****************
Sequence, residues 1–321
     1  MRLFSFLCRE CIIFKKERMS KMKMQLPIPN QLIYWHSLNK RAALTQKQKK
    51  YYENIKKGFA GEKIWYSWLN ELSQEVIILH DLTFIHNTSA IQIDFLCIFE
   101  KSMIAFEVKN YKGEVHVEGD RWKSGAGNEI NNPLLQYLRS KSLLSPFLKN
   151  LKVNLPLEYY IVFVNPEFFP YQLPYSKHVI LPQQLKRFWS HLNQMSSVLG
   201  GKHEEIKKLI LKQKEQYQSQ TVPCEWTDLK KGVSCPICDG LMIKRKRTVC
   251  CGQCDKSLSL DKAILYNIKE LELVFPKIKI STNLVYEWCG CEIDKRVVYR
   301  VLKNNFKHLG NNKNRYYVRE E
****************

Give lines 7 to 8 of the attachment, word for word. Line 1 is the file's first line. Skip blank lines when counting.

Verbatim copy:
   251  CGQCDKSLSL DKAILYNIKE LELVFPKIKI STNLVYEWCG CEIDKRVVYR
   301  VLKNNFKHLG NNKNRYYVRE E